So how do you establish your credit history? Even if you’ve never applied for credit before, there are ways to start building a good credit history:

  1. Open a checking account or savings account, or acquire a debit card. These do not create your credit file, but responsibly managing these accounts will indicate that you have money and show something and demonstrate responsibility.
  2. Apply for a department store credit card, gasoline card or a major credit card, and use it responsibly. Pay each bill on time and in full if possible (see below).
  3. If you don’t qualify for credit on the basis of your own credit file, ask someone with an established credit history (like a parent or other family member) to co-sign your application. The co-signer promises to pay your debts if you don’t.
  4. Be responsible. Because credit cards make it easy to purchase things now and pay later, it’s easy to lose track of how much you’ve spent. Make sure you pay all your bills on time, and only get the credit cards you need—don’t get a card just because the issuer is offering a discount on purchases.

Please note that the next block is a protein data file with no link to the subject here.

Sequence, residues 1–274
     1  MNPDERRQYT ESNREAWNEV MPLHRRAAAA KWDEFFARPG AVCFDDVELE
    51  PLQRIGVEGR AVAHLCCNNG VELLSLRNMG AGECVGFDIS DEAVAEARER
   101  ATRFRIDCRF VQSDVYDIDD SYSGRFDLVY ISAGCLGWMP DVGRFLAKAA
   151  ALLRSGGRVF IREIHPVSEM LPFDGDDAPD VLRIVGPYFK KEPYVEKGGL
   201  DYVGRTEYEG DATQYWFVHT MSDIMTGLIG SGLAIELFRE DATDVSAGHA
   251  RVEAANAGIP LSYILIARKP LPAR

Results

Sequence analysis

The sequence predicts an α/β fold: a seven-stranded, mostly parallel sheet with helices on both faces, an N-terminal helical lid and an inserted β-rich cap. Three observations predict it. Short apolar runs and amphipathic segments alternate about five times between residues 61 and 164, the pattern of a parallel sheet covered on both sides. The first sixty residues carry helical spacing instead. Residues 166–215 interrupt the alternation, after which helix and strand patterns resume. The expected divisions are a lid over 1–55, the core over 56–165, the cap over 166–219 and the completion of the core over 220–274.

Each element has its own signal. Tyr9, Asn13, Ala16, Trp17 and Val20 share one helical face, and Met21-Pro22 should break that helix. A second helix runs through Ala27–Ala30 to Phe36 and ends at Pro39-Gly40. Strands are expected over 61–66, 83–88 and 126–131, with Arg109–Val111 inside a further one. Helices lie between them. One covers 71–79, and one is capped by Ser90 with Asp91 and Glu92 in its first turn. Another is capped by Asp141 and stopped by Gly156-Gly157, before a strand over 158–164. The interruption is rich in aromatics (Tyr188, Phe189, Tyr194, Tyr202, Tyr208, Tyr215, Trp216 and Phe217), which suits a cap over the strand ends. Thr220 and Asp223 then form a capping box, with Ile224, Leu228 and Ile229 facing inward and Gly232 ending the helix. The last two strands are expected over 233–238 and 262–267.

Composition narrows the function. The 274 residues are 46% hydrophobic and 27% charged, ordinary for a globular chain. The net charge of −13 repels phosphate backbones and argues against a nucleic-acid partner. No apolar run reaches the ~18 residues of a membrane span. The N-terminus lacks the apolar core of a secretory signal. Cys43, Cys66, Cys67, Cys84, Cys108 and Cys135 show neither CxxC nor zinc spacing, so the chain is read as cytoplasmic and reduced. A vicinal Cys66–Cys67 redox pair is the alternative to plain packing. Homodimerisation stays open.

5. To establish and maintain good credit, pay at least the minimum amount due on each account every month, and pay on time. Allow five to seven business days for payments made by mail. Better yet, take advantage of on line bill pay services if possible.
  6. Use your credit card wisely, and you’ll have a very beneficial financial tool. Use it carelessly, and you’ll run up credit card debt you can’t afford. Nothing is easier than charging small things here and there, only to find yourself with a large bill you can’t pay.
  7. Keep close track of your spending. Get in the habit of watching your banking activity daily through online banking-monitor your account activity on a regular basis and arrange to make electronic payments.

Below you can get familiar with some common credit card terminology to help you navigate through the process:

Annual Fee